Ancient Egyptian mummy farms drove baboons and the Horus falcon to extinction: from the Late Period onwards anything up to 70 million animals were embalmed as offerings to the gods.
Egyptologists, fascinated by their material and the excitement of applying new techniques, had presumably not considered the reaction of a horrified public in our modern, eco-conscious age to the mass slaughter and in some cases extinction of whole species of animals, even if it was done with the intention of preserving them for eternity.
It's an undeniable fact that from about 800BC to the end of paganism in the 4th century AD, all kinds of 'sacred' animals were bred in horrendous conditions and slaughtered in their thousands to supply the inexhaustible consumer demand for animal mummies to offer to the gods. So many that, as is widely known, when a huge cache was discovered at the site of the temple of Bast in Beni Hasan, the farmer who discovered it sold approximately 19 tons of mummified Egyptian cats [with a few dogs, foxes and mongooses in the mix] to be shipped to England to be ground down and used as fertilizer. Some of these mummies were saved for science. They and/or their spiritual descendants are now being investigated in Manchester University's research program, which involves 800 animal mummies from across the UK; see here: http://www.telegraph.co.uk/news/worldnews/africaandindianocean/egypt/11596859/Scans-reveal-the-secrets-of-animal-mummies-some-even-empty-of-remains.html. Details of the research program at Swansea which is part of the same investigation can be seen here [there are lots of pictures]: http://egyptcentre.blogspot.co.uk/2014/06/guest-post-by-beverley-rogers-peering.html.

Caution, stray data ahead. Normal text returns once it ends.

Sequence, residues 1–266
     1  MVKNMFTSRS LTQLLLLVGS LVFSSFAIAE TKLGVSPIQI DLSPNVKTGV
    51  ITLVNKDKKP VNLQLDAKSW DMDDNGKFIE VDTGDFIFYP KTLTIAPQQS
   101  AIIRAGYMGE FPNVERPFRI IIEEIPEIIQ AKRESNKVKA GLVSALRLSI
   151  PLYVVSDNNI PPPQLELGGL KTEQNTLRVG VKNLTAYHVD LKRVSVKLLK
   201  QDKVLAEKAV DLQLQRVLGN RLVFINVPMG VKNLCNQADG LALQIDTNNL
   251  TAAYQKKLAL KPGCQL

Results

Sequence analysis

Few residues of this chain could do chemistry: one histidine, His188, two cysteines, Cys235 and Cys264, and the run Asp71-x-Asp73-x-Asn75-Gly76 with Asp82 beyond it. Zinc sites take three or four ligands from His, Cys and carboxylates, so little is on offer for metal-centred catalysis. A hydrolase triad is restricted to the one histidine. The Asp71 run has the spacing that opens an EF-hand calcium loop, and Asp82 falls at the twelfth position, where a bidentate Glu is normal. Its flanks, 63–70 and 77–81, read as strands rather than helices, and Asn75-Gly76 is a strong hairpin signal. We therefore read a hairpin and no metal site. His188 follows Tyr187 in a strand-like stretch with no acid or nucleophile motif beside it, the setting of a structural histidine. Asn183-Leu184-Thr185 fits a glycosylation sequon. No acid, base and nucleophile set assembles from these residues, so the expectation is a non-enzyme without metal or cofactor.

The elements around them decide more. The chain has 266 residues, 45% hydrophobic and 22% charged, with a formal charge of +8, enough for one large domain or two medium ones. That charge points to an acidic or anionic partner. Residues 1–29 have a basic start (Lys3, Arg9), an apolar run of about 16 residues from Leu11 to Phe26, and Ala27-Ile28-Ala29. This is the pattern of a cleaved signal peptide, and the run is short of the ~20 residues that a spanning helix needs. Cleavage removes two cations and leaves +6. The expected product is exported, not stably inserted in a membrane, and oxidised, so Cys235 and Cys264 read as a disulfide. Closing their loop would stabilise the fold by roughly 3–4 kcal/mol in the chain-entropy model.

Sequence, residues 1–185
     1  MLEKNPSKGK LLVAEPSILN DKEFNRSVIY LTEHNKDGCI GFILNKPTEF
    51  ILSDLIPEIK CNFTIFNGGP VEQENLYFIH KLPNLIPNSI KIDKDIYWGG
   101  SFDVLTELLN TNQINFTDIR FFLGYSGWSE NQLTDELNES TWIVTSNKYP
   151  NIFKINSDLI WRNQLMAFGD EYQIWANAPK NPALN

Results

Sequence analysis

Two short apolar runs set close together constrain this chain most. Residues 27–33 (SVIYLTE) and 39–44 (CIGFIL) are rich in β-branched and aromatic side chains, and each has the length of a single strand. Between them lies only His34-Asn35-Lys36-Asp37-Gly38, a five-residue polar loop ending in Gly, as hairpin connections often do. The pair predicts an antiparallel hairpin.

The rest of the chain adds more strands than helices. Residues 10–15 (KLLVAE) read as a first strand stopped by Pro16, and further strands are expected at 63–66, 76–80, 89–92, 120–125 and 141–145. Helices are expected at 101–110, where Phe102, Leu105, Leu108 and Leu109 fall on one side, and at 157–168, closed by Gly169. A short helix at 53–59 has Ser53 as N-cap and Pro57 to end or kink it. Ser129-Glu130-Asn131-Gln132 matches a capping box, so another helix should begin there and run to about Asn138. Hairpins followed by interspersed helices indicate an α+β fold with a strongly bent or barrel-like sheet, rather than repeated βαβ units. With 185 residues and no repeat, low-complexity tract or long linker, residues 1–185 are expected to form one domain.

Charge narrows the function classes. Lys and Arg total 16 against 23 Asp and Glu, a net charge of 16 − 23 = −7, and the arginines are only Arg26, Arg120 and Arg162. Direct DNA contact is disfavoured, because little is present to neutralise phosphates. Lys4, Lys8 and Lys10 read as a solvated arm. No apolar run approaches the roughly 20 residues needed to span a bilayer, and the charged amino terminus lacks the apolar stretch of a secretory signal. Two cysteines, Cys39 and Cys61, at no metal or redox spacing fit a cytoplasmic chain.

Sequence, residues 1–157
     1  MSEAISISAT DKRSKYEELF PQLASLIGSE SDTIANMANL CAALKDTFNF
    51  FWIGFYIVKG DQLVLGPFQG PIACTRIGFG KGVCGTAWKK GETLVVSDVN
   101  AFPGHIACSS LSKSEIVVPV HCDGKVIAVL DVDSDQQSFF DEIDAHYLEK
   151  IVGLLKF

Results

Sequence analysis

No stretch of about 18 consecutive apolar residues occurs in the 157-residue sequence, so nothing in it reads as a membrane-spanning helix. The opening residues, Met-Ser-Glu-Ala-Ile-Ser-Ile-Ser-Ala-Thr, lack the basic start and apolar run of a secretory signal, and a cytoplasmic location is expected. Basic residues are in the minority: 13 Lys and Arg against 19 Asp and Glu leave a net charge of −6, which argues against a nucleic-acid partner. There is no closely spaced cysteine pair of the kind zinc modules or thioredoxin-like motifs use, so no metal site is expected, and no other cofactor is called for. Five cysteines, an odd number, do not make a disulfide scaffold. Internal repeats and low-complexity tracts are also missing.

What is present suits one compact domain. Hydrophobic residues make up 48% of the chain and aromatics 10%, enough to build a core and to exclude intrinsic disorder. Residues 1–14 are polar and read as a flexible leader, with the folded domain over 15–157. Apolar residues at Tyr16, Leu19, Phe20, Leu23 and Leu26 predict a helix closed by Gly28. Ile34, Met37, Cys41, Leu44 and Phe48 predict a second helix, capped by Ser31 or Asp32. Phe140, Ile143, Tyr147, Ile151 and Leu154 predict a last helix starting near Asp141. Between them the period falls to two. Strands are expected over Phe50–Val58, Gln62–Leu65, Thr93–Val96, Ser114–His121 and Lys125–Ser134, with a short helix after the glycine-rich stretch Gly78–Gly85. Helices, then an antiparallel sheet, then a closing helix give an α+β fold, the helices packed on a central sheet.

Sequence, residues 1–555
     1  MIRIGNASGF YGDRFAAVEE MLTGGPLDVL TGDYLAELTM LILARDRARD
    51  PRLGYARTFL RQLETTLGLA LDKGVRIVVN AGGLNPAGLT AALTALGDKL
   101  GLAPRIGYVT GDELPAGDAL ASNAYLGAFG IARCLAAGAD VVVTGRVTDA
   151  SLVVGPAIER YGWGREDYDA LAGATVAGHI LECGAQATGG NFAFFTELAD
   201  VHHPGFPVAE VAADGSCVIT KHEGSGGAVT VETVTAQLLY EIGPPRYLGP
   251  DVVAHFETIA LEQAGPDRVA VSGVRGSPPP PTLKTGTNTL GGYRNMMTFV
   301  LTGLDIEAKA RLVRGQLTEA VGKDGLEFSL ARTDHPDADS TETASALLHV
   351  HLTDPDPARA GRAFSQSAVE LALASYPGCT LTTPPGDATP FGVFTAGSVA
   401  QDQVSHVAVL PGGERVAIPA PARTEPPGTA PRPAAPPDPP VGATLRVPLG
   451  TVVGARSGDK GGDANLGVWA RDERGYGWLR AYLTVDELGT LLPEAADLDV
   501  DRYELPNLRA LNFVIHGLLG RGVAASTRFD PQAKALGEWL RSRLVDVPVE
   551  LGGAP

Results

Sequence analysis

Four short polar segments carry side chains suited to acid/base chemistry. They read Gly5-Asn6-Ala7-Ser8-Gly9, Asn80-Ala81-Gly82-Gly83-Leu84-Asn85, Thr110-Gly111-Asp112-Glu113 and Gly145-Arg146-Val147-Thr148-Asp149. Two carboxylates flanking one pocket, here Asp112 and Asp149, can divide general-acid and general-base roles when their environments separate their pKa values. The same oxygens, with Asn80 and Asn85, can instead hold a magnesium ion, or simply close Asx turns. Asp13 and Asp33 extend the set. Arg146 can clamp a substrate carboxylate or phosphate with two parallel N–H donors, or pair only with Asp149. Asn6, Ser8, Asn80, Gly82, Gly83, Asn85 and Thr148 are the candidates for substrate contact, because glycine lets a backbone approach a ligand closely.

The non-intrusive analysis of 800 still-wrapped mummies - something which has only become possible in recent years - has exposed not only the contents of the mummy wrappings but also the details of a gruesome trade which in its day enriched temples and satisfied the faithful. It has been known for some time that many animal mummies didn't contain whole animals - but many appear not to have contained bones at all, as described in the BBC article 'Egypt's animal mummy 'scandal' revealed' here: http://www.bbc.co.uk/news/science-environment-32656743. The animals mummified, where bones are found, are almost all young, and show signs of ill-treatment and starvation - bred merely to be killed and wrapped like a shawarma for eternity. Respect was not part of the package, though the mummified creatures were referred to sometimes as 'gods'.
The background to this curious [late, decadent] aspect of Ancient Egyptian religion can be investigated in Wiki's article on animal mummies, here: http://en.wikipedia.org/wiki/Animal_mummy and in the article on cats in Ancient Egypt, here: http://en.wikipedia.org/wiki/Cats_in_ancient_Egypt.